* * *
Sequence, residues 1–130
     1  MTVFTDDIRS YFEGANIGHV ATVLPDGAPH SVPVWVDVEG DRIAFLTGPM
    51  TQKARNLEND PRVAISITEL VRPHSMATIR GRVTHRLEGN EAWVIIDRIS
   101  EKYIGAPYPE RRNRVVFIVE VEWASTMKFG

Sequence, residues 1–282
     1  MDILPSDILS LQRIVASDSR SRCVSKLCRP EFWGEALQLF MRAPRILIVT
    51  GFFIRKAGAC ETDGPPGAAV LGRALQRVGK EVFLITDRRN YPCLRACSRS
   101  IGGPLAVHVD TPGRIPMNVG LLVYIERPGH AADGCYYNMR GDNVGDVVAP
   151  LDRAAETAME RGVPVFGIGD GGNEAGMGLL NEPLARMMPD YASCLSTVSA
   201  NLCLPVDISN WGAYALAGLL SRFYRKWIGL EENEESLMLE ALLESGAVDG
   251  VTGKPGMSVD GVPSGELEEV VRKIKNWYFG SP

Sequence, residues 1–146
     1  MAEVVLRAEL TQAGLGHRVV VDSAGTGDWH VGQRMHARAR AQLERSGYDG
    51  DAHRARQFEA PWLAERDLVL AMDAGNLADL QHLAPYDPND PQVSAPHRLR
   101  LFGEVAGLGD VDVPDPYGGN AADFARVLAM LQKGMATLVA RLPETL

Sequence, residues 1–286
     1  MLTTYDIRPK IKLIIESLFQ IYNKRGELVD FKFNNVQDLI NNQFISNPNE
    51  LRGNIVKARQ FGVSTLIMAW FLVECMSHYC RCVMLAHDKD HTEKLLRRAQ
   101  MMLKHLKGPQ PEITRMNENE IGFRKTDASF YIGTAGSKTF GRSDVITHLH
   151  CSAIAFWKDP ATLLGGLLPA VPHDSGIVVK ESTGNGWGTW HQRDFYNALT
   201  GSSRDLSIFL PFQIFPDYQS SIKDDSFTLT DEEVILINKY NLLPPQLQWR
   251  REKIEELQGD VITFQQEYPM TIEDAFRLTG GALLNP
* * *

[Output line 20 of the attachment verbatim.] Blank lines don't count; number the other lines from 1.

   151  CSAIAFWKDP ATLLGGLLPA VPHDSGIVVK ESTGNGWGTW HQRDFYNALT